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Homecolleges and universitiesCollege Admissions Scandal Exposes Moral Rot at the Heart of US Plutocracy

College Admissions Scandal Exposes Moral Rot at the Heart of US Plutocracy

College Admissions Scandal Exposes Moral Rot at the Heart of US Plutocracy

March 12, 2019; New York Times
There are times when you are not sure whether to be outraged or to cry, and the real answer is both. Such is the case with a bombshell federal indictment involving a host of schools: Georgetown; Stanford; the University of California, Los Angeles; University of San Diego; University of Southern California; University of Texas, Austin; Wake Forest; and Yale. Two of these are public universities; the remainder are private nonprofit schools.
The account in the New York Times begins:
A teenage girl who did not play soccer magically became a star soccer recruit at Yale. Cost to her parents: $1.2 million.
A high school boy eager to enroll at the University of Southern California was falsely deemed to have a learning disability so he could take his standardized test with a complicit proctor who would make sure he got the right score. Cost to his parents: at least $50,000.
A student with no experience rowing won a spot on the U.S.C. crew team after a photograph of another person in a boat was submitted as evidence of her prowess. Her parents wired $200,000 into a special account.
Facilitating many of these admissions was another nonprofit, the Key Worldwide Foundation, based in Newport Beach, California, which served as a conduit to “help students cheat on their standardized tests, and to pay bribes to the coaches who could get them into college with fake athletic credentials.” It also allowed “parents to funnel money into an account without having to pay any federal taxes,” reports the Times.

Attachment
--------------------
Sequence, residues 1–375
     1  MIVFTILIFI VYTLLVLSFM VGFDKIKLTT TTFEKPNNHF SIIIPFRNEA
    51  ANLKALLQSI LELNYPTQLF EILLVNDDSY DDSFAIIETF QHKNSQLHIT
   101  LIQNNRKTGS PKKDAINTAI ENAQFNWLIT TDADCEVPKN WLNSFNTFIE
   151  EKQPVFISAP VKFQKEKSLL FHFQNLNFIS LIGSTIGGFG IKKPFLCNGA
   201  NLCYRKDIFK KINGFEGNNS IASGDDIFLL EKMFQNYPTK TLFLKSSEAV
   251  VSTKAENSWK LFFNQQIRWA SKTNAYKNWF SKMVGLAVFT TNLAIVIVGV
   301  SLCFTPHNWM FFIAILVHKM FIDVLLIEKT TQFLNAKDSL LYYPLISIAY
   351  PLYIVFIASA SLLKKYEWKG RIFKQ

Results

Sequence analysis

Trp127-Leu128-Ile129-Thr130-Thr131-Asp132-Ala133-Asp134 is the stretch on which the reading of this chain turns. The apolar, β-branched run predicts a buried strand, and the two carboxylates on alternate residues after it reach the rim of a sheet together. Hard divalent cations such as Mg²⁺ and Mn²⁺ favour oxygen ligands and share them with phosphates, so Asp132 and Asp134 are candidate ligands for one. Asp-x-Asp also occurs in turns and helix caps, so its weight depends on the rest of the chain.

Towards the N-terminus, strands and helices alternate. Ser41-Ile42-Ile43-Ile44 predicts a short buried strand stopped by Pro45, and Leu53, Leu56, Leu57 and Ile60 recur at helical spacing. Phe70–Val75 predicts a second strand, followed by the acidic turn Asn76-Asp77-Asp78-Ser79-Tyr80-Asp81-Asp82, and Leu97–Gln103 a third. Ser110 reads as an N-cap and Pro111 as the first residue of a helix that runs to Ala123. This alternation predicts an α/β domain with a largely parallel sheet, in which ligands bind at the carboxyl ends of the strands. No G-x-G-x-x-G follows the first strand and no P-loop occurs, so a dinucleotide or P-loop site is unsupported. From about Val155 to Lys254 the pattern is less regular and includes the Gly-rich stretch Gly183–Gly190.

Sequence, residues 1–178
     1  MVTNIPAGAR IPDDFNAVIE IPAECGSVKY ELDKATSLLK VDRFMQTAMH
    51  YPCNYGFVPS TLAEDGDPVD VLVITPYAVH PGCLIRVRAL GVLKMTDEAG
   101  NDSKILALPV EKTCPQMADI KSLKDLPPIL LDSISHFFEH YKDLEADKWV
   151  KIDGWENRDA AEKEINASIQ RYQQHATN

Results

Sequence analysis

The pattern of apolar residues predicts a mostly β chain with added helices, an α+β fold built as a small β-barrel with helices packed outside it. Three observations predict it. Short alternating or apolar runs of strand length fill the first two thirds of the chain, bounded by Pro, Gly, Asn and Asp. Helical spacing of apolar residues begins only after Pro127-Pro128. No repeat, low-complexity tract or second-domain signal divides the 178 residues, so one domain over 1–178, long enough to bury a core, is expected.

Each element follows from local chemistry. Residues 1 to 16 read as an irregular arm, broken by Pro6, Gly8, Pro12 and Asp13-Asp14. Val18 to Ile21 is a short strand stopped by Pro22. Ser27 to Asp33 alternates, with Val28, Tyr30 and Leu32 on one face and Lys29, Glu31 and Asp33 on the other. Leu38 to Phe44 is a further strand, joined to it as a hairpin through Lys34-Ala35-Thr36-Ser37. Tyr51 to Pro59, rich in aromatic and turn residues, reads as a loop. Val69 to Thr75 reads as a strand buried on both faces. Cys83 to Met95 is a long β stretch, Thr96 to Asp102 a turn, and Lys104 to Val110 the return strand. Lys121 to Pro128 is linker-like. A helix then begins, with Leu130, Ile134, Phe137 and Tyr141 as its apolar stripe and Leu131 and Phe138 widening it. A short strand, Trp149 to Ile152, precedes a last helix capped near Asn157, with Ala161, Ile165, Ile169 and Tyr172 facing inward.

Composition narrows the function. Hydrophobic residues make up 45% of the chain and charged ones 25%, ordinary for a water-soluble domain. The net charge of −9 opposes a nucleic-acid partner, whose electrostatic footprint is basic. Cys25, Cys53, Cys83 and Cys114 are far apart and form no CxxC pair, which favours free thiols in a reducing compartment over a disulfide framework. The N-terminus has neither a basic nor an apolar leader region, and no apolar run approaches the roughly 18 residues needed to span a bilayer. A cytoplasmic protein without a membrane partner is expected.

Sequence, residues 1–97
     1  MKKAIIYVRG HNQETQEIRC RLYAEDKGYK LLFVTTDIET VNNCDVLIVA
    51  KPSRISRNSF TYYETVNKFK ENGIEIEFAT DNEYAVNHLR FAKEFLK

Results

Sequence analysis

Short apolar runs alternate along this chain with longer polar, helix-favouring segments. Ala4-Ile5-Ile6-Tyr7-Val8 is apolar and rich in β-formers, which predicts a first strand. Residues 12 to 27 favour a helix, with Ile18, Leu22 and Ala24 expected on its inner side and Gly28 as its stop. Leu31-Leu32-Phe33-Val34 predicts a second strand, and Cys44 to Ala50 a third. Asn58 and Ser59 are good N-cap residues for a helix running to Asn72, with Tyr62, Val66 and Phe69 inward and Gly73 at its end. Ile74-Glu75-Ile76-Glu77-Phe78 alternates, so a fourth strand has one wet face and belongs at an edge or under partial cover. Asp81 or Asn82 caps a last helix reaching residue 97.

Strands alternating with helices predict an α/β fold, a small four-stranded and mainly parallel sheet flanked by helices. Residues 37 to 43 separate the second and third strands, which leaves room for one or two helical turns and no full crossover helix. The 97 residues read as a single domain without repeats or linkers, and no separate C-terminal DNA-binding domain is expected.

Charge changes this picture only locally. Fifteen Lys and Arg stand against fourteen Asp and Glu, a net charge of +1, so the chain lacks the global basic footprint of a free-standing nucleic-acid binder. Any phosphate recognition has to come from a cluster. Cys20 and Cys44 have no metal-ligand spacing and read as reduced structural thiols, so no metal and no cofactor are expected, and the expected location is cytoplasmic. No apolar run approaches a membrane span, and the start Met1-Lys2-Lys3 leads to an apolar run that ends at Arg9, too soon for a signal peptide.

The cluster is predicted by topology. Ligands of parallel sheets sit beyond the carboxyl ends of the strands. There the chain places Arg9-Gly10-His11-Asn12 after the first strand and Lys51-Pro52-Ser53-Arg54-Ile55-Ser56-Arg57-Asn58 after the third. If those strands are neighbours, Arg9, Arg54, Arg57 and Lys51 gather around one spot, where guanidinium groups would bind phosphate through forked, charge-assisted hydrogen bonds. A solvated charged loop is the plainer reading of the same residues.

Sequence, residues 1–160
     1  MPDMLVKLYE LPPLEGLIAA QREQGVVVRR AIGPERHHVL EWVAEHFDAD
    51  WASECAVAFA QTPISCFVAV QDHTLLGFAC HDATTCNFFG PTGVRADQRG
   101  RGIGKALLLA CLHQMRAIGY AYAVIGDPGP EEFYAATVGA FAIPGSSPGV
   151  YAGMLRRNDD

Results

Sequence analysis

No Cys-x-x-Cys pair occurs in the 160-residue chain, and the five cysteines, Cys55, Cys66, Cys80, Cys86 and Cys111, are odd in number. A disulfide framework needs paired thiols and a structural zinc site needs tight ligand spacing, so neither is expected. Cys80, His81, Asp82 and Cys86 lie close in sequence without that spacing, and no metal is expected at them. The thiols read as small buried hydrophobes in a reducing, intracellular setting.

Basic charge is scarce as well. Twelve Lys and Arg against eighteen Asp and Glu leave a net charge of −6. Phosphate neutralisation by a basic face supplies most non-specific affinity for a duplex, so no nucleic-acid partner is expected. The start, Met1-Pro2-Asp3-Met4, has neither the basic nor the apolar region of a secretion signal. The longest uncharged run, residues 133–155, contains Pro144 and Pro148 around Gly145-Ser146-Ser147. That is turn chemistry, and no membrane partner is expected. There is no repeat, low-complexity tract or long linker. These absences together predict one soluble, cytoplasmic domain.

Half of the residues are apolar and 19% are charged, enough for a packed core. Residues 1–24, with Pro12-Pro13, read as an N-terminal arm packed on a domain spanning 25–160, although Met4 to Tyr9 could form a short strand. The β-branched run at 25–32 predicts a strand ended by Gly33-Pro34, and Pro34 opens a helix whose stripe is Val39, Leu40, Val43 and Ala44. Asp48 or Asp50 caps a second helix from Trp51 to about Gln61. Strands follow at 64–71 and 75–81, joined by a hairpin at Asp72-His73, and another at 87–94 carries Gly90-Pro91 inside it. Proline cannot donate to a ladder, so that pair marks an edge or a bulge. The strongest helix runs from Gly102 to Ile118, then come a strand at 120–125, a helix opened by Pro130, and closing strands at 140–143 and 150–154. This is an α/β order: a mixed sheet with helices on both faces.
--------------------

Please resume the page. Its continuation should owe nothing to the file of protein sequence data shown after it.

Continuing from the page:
This is not a case of a “few bad apples.” It involves 50 people in six states. Among those implicated in the indictment are “top college athletic coaches, who were accused of accepting millions of dollars to help admit undeserving students to a wide variety of colleges, from the University of Texas at Austin to Wake Forest and Georgetown, by suggesting they were top athletes.”
And, of course, the indictment only touches on the illegal activities. Meanwhile, the legal system of ensuring the preservation of elite power and privilege carries on. As Rainesford Stauffer reminds us in a New York Times op-ed, a “legal version of purchasing an advantage happens every college application season and that there’s an entire industry supporting it, including a standardized test prep industry, worth around $840 million, which involves parents forking over up to $200 an hour for Ivy League tutors tasked with increasing their children’s’ scores. That doesn’t include application essay writers, who coach students on what to write about, edit their writing and, in some cases, write for them. It doesn’t include college coaching firms, which charge up to $40,000 to strategize an applicant’s entire process.” And of course, Stauffer adds, there are also those “donations made to schools by the parents of legacy students [that] can essentially buy acceptance letters.” (For example, Jared Kushner’s father helped ease his son’s admission to Harvard many years ago with a timely $2.5 million donation).
Earlier this week, at NPQ, we reported on a talk given this month by Anand Giridharadas. In that talk, Giridharadas noted that his book, Winners Take All, was not first and foremost an economic critique but a cultural one—a culture in which values of democracy are subordinated to wealth—to the plutocracy. Speaking to Vice about the admissions scandal, Giridharadas himself noted the similarities between the actions of the megadonors he writes about and the actions of the parents buying admissions. As Giridharadas notes, a danger with giving is it can serve as “a mask that allows a tremendous amount of taking to take place. The taking of power, taking opportunities from other people…it’s all still taking.”
The question that remains is whether we will take this cultural crisis at the heart of our sector seriously. Or, will the latest college admission scandal be dismissed, once again, as just a few bad apples in an otherwise functional system?—Steve Dubb

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